Take the 2-minute tour ×
Webmasters Stack Exchange is a question and answer site for pro webmasters. It's 100% free, no registration required.

I have got a Joomla site that got hacked and I am looking at the server logs and I see something like:

GET /bind.php ho=mx01.1and1.es&po=25&ma=cristina%40bpmlighting.com&lo=cristina&pa=cristbpm2013&mt=johnkarpan%40yahoo.com&fn=Dr.+Sue+Metts&or=docswgacm&eh=bpmlighting.com&sd=95.141.32.169%2Fstat1&sh=&sp=&sl=&sc=&rt=5&ch=utf-8&cm=1&ht=1&at=&su=%E1%BD%92%E1%BF%97%E1%BE%8C%C4%9E%E2%84%9C%E1%BE%8C+%D0%85%E1%BE%8C%E2%86%B3%C4%98&bo=%3Ca+href%3D%22http%3A%2F%2Fpaowcx.coolebrity.com%2Fod5ba77.html%22%3E%E1%B9%BE%E1%B8%AE%E1%BE%B7%C4%9D%C9%BC%E1%BE%B7+%C5%A1%E1%BE%B7%E2%8C%8A%E1%BC%9C%3C%2Fa%3E 80 - 95.141.32.169 HTTP/1.0 - - - mywebsite.com 500 0 64 0 544 308

I guess that is a hit on bind.php - I am not sure what the "ho=" stands for. Can anyone clarify?

share|improve this question
    
Welcome to Webmasters. Be sure to give the About page a read if you haven't already. –  Mister Dood Jun 11 '13 at 3:11

2 Answers 2

up vote 1 down vote accepted

I believe that's the Request URI, or the page that was loaded from your server. It gave a 500 error (which means nothing was executed), but it looks like an attempted hack of some kind. Give me a few minutes, and I'll URL decode the string and see what they were trying to do and tell you if you really need to worry or not.

UPDATE: I'm not entirely sure what they were trying t do, but it looks like they were looking for general vulnerabilities. I'd recommend that you:

  1. immediately check that particular file for any lines like eval(base64_decode(Long string of seemingly-random text));. This is usually a PHP shell, and gives anybody full access to your server. They can be clever about hiding it, so do a search in your program for the phrase eval( and let the program find it for you.

  2. Make sure you have no SQL injection vulnerabilities. Make sure you've sanitized your inputs.

  3. Make sure that any files you load where the name is specified with a PHP GET variable will not load external files. Also make sure it doesn't accept values containing ../ or anything starting with / as a value because this will allow a malicious person to run any file on your server.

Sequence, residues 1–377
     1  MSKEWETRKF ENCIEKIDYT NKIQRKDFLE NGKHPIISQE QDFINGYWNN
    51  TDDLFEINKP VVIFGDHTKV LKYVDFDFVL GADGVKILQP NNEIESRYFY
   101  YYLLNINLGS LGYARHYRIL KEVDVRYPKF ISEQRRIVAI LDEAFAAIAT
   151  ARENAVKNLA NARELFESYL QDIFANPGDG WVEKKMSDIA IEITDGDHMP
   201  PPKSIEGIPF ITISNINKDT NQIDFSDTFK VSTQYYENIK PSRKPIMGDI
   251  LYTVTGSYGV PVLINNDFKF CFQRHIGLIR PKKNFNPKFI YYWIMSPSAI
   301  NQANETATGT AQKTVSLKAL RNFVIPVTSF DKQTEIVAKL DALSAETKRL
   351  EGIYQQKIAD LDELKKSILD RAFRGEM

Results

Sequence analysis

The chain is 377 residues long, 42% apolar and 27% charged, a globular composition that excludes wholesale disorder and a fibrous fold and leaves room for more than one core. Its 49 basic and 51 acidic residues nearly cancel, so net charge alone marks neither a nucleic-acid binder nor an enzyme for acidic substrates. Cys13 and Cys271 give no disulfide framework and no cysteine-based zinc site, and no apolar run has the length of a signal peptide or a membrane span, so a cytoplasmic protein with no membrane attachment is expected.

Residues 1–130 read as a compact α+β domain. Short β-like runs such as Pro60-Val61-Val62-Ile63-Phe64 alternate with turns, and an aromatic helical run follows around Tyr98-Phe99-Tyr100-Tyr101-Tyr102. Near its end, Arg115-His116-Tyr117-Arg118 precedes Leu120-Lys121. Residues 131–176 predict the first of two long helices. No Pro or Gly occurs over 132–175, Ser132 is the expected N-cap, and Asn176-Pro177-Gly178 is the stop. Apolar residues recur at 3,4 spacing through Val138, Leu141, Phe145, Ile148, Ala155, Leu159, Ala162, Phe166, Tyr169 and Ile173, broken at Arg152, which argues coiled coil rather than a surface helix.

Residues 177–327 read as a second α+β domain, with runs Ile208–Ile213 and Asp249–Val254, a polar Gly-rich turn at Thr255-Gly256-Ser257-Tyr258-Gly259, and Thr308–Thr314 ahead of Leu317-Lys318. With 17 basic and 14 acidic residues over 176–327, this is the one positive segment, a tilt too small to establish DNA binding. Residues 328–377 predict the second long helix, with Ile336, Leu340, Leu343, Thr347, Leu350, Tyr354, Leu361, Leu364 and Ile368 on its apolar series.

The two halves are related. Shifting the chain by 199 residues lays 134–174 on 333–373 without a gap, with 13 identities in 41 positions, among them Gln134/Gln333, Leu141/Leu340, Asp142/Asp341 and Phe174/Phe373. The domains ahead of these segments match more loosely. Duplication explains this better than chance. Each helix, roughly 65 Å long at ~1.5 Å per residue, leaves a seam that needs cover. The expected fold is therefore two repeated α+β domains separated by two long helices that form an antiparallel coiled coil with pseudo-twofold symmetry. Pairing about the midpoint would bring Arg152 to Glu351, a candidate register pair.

Note that even if your server is secure, people will still look for vulnerabilities. If you're confident in your server's security, don't worry about it.

share|improve this answer
    
Thank you so much for your answer. I wish I had more points so that I could +1 your answer –  open_sourse Jun 11 '13 at 19:58
    
You can start by accepting my answer. That's +2 for you and +15 for me. If you answer a couple of questions, or ask a couple of questions you'll get to 15 rep in no time. The key is to put effort into your contributions, and try to make them helpful for more than just you. –  Mister Dood Jun 12 '13 at 3:42
    
right you are. done :) –  open_sourse Jun 12 '13 at 16:33

I'm assuming that the bind.php file is not actually a part of Joomla, but rather a malicious script that the hacker uploaded to your site. In particular, just looking at the request parameters, it appears likely that the script is being used to send e-mail spam, possibly using someone else's hijacked e-mail account.

Here's what the request parameters in your log entry look like, after percent-decoding:

  • ho=mx01.1and1.es, po=25